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Subject: Re: Peter Grimes
From: Jon Goldberg <[log in to unmask]>
Reply-To:Jon Goldberg <[log in to unmask]>
Date:Fri, 2 Mar 2018 21:33:12 -0500

text/plain (55 lines)

I think it's very easy to understand why the sexuality question comes up. And this also 
easily extends to other "outsider" characters in Britten's operas, such as Claggart, 
obviously Aschenbach, and even Albert Herring. 

And it also comes up with other male characters who have trouble connecting, a major 
example being Bobby in Sondheim and Furth's "Company." Certainly, people might say, 
the reason Bobby is so afraid to commit to marriage is that he's gay, right?

And I'm always reluctant to go there - simply because it's just nowhere in the text. In the 
revised version of Company, Bobby does admit, in casual conversation, to having tried 
sex with men, but I find the line rather unconvincing in the scene's context (it always 
sounds more to me like he's saying it to sound "with it" in his changing society more than 
it necessarily being true) - and then he also rejects the advances of his friend who asked 
the question in the first place. 

It's perhaps easier to claim homosexual struggles in Claggart, but is it really him or just 
the way we want to project feelings on him? Surely Budd isn't the only one with 
"beauty/handsomeness" on the ship - and we don't get any other evidence that he's 
attracted to anyone else on the Indomitable. Is Herring just a naive mama's boy who 
hasn't found any trace of manhood in himself yet (even after the spiked lemonade lol), or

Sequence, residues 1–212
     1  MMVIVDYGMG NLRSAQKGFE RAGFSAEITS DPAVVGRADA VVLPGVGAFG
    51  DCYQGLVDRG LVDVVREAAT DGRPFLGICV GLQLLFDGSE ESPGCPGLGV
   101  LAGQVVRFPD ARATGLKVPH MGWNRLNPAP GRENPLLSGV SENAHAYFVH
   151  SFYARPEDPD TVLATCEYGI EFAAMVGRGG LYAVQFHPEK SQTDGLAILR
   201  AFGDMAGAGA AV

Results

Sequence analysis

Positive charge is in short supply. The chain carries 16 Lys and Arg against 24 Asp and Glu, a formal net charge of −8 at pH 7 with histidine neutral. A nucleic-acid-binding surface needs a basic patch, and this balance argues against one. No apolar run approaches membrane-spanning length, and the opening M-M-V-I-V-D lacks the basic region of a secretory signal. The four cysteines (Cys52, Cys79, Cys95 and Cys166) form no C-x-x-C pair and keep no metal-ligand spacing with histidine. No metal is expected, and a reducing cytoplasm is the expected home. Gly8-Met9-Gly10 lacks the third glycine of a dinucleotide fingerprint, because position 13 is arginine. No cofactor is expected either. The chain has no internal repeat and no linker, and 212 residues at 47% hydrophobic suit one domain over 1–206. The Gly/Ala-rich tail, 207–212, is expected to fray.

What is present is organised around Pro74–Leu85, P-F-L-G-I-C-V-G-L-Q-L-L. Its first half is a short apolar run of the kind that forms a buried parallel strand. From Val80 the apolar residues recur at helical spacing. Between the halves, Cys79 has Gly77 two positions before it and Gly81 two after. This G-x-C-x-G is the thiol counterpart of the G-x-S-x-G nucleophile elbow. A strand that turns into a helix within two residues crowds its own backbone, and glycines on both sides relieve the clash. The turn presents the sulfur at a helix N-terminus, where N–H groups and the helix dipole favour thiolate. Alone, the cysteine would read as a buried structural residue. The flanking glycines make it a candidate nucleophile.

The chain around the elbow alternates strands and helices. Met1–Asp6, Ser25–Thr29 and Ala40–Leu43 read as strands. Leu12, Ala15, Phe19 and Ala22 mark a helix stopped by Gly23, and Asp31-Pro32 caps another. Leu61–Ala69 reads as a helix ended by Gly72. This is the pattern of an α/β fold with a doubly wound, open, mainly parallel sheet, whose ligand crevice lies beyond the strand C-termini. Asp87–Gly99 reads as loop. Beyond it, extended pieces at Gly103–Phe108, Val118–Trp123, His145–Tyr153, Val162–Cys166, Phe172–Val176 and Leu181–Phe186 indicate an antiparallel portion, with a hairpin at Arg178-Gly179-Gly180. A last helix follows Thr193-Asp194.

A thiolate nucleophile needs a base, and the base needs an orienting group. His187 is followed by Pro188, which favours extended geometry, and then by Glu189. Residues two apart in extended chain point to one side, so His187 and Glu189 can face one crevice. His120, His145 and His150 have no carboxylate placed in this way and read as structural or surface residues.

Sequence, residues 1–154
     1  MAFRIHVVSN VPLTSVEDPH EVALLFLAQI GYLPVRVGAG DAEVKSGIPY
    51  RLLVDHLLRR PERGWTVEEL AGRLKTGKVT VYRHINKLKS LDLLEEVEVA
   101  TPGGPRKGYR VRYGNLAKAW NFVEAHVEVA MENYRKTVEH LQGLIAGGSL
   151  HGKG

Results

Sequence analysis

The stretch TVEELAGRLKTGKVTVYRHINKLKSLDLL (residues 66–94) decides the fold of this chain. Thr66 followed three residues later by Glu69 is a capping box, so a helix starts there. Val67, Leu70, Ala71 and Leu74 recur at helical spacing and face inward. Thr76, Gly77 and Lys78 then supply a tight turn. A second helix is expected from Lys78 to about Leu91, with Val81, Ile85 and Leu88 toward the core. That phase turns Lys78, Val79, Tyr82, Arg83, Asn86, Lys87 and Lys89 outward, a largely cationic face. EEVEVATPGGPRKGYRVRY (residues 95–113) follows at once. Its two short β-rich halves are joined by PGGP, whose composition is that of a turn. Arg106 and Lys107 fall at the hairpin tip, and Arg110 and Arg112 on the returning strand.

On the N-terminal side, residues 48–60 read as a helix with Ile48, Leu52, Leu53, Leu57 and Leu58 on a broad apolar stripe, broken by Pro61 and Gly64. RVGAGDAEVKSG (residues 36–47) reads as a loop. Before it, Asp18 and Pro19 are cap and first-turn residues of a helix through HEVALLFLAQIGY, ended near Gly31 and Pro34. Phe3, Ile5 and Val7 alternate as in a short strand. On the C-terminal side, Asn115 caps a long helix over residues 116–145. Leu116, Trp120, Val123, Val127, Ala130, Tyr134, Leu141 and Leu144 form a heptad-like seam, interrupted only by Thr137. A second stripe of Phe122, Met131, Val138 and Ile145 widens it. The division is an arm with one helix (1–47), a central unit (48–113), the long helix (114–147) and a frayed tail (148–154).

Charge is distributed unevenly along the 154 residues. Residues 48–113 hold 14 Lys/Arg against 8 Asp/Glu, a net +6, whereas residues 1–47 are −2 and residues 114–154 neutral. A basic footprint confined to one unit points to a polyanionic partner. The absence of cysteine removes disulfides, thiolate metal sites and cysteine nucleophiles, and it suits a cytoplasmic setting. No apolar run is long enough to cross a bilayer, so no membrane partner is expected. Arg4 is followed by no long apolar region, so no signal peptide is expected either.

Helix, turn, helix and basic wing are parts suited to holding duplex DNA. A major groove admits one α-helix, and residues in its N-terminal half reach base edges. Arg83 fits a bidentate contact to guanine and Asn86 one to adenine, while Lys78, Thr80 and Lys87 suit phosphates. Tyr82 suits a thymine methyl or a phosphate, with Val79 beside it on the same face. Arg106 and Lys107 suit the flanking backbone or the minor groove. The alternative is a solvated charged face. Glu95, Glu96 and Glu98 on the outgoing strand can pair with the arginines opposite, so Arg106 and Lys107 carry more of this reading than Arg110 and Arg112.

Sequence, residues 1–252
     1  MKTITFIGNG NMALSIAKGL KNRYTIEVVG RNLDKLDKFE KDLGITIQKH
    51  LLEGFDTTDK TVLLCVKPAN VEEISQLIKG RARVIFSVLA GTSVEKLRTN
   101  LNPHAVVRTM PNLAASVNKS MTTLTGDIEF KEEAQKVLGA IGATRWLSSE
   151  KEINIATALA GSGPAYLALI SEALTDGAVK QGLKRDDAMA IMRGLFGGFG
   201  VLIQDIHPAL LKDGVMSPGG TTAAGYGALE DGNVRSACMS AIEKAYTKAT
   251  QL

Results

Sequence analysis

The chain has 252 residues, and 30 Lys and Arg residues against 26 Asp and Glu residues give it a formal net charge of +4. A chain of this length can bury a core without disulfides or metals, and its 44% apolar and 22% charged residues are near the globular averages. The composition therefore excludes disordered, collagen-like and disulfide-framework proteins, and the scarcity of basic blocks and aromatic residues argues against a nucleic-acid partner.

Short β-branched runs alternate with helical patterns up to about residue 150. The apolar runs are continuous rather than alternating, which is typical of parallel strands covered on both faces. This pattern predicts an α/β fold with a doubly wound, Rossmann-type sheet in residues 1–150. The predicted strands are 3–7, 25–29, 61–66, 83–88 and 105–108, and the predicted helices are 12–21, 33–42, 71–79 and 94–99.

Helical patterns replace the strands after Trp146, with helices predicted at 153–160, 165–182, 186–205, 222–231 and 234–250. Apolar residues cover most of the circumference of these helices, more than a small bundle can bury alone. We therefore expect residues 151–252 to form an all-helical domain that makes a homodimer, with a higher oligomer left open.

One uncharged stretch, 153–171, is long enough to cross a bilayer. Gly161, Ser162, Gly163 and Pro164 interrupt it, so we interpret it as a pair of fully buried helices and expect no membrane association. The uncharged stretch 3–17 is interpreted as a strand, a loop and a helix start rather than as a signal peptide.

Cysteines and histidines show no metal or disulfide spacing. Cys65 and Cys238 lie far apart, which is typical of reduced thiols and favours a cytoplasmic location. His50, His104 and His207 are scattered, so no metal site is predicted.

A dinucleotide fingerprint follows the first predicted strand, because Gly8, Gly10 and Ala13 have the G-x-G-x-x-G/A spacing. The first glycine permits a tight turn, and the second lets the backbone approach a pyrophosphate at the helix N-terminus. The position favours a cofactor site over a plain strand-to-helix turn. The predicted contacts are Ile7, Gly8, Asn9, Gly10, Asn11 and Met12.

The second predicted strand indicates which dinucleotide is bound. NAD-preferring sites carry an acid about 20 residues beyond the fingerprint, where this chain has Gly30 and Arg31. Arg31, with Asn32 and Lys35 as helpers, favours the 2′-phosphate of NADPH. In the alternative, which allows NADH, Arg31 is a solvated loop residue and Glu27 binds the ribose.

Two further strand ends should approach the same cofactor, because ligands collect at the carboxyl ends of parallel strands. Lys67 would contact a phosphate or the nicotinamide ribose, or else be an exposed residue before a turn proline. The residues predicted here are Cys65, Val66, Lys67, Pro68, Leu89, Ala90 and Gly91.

is he just a bit envious of Nancy landing a stud like Sid, lol? We can put our own fantasies 
on all that, but I don't really see that in the text anywhere. 

Indeed, Britten may have been interested in the stories of these outsiders because he too 
saw the sexual implications - but I'd agree with Vickers that the pieces themselves go 
way way beyond that. I'd say that such subtext can be left up to us, to percieve if we 
want to. But I certainly don't want to see some regie Grimes where Peter is actively 
interested in the men - or, more to the point, in the young boys that lose their lives under 
his watch. We can always secretly wonder if that's an element of the story, but it's just 
not what the opera is "about" - at least for me. 

On Fri, 2 Mar 2018 18:03:49 -0800, Maxwell Paley <[log in to unmask]> wrote:

>Someone brought up the issue of Grimes and homosexuality and asked if that wasnít 
the real reason for his isolation from the rest of the borough. Vickers said ďthat may be 
what Ben (Britten) had in mind, but the work he and Monty (Slater) produced goes so far 
beyond that specific and lays out a universal truth of the human condition. Some people 
just canít fit in. But everyone deserves the benefit of the doubt.Ē He didnít deprecate gay 
people at all, but simply said there are many other reasons people can feel that kind of 

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